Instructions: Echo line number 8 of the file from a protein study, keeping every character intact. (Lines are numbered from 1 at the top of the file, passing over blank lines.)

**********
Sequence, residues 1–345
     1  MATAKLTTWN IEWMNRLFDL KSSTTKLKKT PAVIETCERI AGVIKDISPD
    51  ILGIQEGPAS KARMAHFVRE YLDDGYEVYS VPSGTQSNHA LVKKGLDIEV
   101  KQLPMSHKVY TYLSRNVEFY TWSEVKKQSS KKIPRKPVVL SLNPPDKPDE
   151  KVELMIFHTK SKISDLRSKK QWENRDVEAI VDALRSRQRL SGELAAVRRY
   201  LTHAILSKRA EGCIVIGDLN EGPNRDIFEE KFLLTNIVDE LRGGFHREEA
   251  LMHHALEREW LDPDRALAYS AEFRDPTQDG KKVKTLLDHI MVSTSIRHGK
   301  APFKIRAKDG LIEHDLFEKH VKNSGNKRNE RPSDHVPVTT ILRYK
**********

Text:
   301  APFKIRAKDG LIEHDLFEKH VKNSGNKRNE RPSDHVPVTT ILRYK